‘Key opportunities missed’ in Scottish Budget

Serious concerns have been raised about the “lack of financial certainty” for the housing sector beyond March 2021.

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Funding allocations for affordable housing, energy efficiency and measures to tackle poverty in Scotland have been outlined under proposals announced in the Draft Scottish Budget.

As outlined, the budget for the Affordable Housing Supply Programme will increase to £843m and spending to cut fuel poverty and improve energy efficiency will rise from £119.6m to £137.1m.

However, the proposed £137m increases only slightly from last year’s energy budget of £119m – despite the government setting out net-zero carbon targets by 2045.

On the measures, the Existing Homes Alliance is calling for a doubling of investment from 2019/20 – to £240m – for warm, affordable to heat and low carbon homes – to meet Scotland’s ambitious climate and fuel poverty targets.

Last year the Scottish Government passed new statutory targets to reduce fuel poverty as far as possible by 2040 and to achieve net zero carbon emissions by 2045.

As of 2019, 25% of households were still living in fuel poverty and housing accounted for 15% of direct climate warming emissions.

The heat has since been on the Scottish Government, with Scottish Land & Estates (SLE) has accused them of lacking “guidance and leadership” on the incoming changes to home energy efficiency – putting unnecessary pressure on Scotland’s private rental sector.

The Scottish Federation of Housing Associations (SFHA) said that it’s now vital that funding is increased for social landlords so they can continue to help the government to meet its ambitious fuel poverty targets.

Sally Thomas, CEO of SFHA said: “Overall, we are disappointed with today’s Draft Budget. The small increase in energy efficiency funding is only a fraction of what is needed – as part of the Existing Homes Alliance we had called for it to be doubled.”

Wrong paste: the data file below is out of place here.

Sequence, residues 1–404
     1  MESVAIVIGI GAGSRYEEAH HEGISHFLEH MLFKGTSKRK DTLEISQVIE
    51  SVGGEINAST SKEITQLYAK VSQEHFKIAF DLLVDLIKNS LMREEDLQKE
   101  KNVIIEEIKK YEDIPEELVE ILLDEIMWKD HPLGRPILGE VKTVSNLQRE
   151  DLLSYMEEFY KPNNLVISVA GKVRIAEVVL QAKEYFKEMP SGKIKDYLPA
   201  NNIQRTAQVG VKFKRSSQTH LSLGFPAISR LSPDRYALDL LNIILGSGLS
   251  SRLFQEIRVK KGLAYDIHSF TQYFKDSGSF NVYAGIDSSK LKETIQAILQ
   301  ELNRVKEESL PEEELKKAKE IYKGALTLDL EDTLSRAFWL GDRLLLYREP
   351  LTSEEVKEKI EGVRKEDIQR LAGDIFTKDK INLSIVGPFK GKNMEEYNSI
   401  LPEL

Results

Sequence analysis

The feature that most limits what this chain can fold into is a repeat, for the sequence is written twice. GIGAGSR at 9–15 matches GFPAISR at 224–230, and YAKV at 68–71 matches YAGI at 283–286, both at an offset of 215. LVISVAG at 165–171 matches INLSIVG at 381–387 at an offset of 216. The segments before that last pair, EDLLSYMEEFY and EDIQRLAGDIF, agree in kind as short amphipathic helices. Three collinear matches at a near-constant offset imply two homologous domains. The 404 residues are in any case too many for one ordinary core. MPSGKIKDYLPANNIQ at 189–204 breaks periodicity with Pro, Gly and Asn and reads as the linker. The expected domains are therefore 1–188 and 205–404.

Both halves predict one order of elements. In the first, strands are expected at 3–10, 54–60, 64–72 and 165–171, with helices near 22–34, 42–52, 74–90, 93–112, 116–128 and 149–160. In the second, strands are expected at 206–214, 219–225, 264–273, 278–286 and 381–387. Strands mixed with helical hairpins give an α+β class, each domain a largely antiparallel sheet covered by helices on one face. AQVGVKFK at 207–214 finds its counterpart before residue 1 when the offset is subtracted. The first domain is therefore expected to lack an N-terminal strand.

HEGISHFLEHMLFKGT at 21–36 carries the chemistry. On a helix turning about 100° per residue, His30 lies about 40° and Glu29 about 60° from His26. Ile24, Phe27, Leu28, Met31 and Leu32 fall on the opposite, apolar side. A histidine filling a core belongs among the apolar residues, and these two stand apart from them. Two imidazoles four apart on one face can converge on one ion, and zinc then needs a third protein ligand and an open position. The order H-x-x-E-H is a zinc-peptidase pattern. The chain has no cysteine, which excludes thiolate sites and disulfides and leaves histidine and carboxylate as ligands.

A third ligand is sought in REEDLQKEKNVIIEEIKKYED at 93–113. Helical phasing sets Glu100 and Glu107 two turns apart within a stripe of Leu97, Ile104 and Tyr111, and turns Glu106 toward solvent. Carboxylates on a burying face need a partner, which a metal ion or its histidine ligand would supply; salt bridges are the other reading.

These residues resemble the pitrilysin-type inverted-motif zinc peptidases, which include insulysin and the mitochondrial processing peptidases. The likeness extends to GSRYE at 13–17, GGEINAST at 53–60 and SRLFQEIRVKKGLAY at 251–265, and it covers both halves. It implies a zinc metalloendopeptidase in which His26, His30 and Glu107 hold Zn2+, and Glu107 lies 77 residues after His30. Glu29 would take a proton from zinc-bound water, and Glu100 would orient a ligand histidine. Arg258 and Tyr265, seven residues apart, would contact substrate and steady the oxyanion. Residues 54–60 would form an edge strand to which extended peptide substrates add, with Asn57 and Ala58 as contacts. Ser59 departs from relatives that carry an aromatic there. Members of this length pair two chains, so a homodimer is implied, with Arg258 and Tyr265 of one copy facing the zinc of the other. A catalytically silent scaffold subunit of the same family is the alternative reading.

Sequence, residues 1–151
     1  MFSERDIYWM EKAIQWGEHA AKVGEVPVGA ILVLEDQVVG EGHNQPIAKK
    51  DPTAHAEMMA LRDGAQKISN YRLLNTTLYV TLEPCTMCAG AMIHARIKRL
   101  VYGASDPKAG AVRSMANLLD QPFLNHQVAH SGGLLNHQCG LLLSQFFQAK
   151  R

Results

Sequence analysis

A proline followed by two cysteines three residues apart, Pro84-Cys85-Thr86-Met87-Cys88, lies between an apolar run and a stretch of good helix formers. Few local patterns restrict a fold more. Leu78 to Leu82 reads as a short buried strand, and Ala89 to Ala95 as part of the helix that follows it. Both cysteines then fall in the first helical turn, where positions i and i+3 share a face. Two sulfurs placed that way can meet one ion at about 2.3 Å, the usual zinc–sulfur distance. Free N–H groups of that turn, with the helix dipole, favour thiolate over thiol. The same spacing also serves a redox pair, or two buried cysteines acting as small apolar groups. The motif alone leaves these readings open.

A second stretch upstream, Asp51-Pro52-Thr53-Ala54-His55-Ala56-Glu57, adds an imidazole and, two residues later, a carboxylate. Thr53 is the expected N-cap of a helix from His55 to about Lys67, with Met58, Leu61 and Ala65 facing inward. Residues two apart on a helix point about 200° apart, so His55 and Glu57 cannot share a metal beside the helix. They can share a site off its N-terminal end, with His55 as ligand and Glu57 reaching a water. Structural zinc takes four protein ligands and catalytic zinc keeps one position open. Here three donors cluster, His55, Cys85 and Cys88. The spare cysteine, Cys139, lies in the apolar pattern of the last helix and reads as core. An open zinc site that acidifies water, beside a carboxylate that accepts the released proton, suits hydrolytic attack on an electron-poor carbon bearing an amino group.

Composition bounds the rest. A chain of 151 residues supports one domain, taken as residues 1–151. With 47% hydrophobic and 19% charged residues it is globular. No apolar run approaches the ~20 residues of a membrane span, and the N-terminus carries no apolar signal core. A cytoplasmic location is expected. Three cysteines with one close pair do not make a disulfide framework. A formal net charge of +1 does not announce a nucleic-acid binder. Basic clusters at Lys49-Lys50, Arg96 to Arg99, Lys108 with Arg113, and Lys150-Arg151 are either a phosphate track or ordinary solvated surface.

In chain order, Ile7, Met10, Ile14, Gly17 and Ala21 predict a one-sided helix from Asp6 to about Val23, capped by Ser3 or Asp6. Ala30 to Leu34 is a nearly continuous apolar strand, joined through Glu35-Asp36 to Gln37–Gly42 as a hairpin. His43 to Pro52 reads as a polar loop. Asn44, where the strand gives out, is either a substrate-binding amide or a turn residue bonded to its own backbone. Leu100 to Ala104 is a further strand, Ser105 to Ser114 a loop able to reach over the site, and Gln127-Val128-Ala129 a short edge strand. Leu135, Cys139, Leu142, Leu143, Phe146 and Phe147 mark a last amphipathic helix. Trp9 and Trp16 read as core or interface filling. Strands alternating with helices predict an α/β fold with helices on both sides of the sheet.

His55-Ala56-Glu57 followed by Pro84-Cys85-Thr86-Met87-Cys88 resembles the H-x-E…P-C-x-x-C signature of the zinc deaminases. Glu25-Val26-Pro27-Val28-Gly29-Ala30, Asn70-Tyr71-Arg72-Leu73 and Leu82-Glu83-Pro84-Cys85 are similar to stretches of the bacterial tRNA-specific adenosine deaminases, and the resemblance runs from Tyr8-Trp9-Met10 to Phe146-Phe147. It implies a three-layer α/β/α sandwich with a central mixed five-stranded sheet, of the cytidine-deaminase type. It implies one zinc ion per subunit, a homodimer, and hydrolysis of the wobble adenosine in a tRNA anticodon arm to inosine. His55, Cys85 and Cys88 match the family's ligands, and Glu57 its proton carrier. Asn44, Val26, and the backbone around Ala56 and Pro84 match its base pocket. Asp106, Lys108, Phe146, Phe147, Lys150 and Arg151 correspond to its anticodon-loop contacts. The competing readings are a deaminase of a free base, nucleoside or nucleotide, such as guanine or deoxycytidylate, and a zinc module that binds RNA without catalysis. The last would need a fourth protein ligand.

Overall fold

She added: “We are pleased to see that the Scottish Government is sustaining funding for the final year of the Affordable Housing Supply Programme, which will be essential to meeting the 50,000 homes target as well as to provide a better platform to continue the programme after this parliament ends.

“We now look forward to the government confirming funding plans for post-2021. Not only is this vital in order to keep building the homes that the people of Scotland need but also to meet key priorities such as ending homelessness and tackling climate change through building energy efficient housing.”

But CIH Scotland still have “serious concerns” about the lack of financial certainty for the housing sector beyond March 2021.

“If the Scottish Government does not commit to continuing the Affordable Housing Supply Programme, local authorities and housing associations simply cannot build the homes we know we need and we risk losing the progress we’ve made to date”, said Callum Chomczuk, National Director of CIH Scotland.

“The Scottish Government also announced a slight increase in funding for energy efficiency measures but in the face of a climate emergency, a slight increase is not enough.

“The Scottish Government set ambitious statutory targets to tackle fuel poverty by 2040 and reach net-zero carbon by 2045.

“If these targets are to be met, we need to see urgent action now, matched by the funding needed to ensure our homes are warm, energy efficient and fit for the future”, he added.

Lori McElroy, Chair of the Existing Homes Alliance said that while the allocation for energy efficiency is welcome, it’s still over £100m less than the £240m needed to bring housing emissions into line with climate ambitions.

“Investing in the energy efficiency of our homes will have far reaching benefits beyond reducing fuel poverty and carbon emissions”, she said.

“It will improve health and wellbeing, saving money for the NHS, create jobs across Scotland and ensure that our homes are fit for a zero-carbon future.

“Failure to invest properly in energy efficiency will drive up the cost of heat decarbonisation, and risk undermining efforts to alleviate fuel poverty.”

She added that at the current level of improvement, it will take 25 years for the vast majority of homes to reach a standard of EPC band C, when they should be striving for zero carbon by that date.

“The Alliance has set out how a doubling of the energy efficiency and fuel poverty budgets would deliver the necessary pace of change that is proportionate to tackling the climate emergency.

“There are no technological, legal or structural barriers to scaling up.

“Today’s small increase in the energy efficiency and fuel poverty budget is welcome but it misses a critical opportunity to capitalise on existing programmes to reduce fuel poverty and respond to the climate emergency before it is too late”, McElroy concluded.

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